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Wednesday, June 23, 2010

Two reviews in one: Hush by Kate White and Ordinary Thunderstorms by William Boyd

Isn’t it odd, how similar things often appear simultaneously? Remember that "disaster summer" at the movies, Deep Impact and Armageddon? It seems like I inadvertently read similar books near the same time too. Two such books, which I probably should review individually, (but heck..it’s my blog and I’ll double up is I want to) were Hush by Kate White and Ordinary Thunderstorms by William Boyd.

In both of these books, the protagonists were placed in unlikely situations and then behaved in an idiotic manner. In Ordinary Thunderstorms, the hero, Adam Kindred, is in London for a job interview. Feeling good about his future, he’s having dinner alone when he strikes up a conversation with a fellow diner. Based on this chance encounter, Adam is soon on the run from the police; the primary suspect in a murder.

The main character in Hush, Lake Warren is feeling pretty low. She has just discovered that her husband, who she has only been separated from for a few months, is suing for full custody of her kids. With her kids away at camp, she is the marketing consultant at an infertility clinic. One evening, after an office get-together, she goes home with a clinic doctor who had been flirting with her. Upon waking in the morning, in a strange apartment, she is horrified to discover her one-night-stand has been murdered; his throat slashed. Based on this encounter, Lake is immersed in a game of cat and mouse with the unknown killer, and fearing she will come under suspicion by the police.

Okay, I know, it sounds like I’m really stretching to compare these two books. But they just felt similar to me. Both protagonists were, in a word, idiots. Both authors justified the characters moronic choices. I’ll admit, I’ve never woke up in an apartment with a man whose throat has been slashed while my soon-to-be ex is threatening to take my kids. And I’ve never visited London, attempted to return a forgotten file to a fellow customer from a diner, walked into his hotel room through door left ajar and found him murdered. Perhaps if these situations occurred to me, I’d be an idiot too. But I’d like to think I’d call the police in the first instance, and leave the damn file at the reception desk in the second. Supposing I was momentarily flummoxed and made all the wrong choices, and now thought I was in deep trouble. I’d still like to think I’d be smart enough to find a lawyer and talk to the police. Boyd's scenario in Ordinary Thunderstorms was a bit more plausible, but was still pretty darned surreal.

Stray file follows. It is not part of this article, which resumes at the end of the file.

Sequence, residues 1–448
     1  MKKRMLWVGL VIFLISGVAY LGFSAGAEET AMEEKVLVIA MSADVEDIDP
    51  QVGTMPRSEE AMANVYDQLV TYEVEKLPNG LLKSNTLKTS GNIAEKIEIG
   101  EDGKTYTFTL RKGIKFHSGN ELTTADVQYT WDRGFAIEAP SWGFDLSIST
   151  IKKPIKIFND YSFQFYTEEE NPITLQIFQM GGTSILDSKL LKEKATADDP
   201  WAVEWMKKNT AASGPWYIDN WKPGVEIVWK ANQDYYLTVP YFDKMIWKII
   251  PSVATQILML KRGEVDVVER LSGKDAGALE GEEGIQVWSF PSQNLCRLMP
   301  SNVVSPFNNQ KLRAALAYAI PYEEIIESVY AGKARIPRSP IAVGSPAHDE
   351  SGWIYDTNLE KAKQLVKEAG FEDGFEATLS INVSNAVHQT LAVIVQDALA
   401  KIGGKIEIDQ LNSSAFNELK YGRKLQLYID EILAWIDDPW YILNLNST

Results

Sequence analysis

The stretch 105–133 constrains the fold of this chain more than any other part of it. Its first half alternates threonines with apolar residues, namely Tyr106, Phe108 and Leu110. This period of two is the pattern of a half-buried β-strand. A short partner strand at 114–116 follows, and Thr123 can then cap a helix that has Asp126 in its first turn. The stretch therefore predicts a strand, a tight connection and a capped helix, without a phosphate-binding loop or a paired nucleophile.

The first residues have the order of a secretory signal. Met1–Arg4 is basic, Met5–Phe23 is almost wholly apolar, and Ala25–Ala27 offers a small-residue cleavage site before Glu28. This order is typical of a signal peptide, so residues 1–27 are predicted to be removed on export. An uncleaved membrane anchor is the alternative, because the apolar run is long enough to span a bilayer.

As you can tell, I wasn’t too impressed with either book. I wanted to smack Lake Warren upside her privileged spoiled head for the stupid things she did. And by the time the book concluded, I just didn’t really care who the crazy killer was. Yep, it was a little bit of a surprise, I didn’t peg the killer early on, but I didn’t really try. I just didn’t care all that much. And although Adam Kindred was a more interesting character, I didn’t have much patience with his choice to become a homeless bum in London instead of talking to the police. Both of their choices just made me think, “Really? Seriously? What the hell is wrong with these people??”

(Review copies provided by Harper Collins)

My rating (for both books) :


bermudaonion said...

I would probably be talking to the characters in those books! LOL Sorry they didn't work for you.

Cackleberry Homestead said...

I read Hush and liked it. I do agree with you that Lake made some idiotic decisions. I'm intrigued by Ordinary Thunderstorms now. Maybe I like idiotic characters ;)

Greg Zimmerman said...

I'd always wondered if Boyd was decent - I've had Any Human Heart on my shelf for a LONG time. Sounds like, from your great review, I should start with that one and skip Ordinary Thunderstorms.

Anonymous said...

Oh no! Not caring about the killer's identity is a very bad sign.

http://tearingdownvsbuildingup.wordpress.com said...

Although the plot is hardly original, White does a capable job of generating enough suspense to keep us turning the pages. In addition, she makes us care about Lake's predicament, insuring that we will stick around to see how she extricates herself from this gigantic mess. "Hush" is a quick, painless, and undemanding read, perfect for an afternoon or two of escapist pleasure.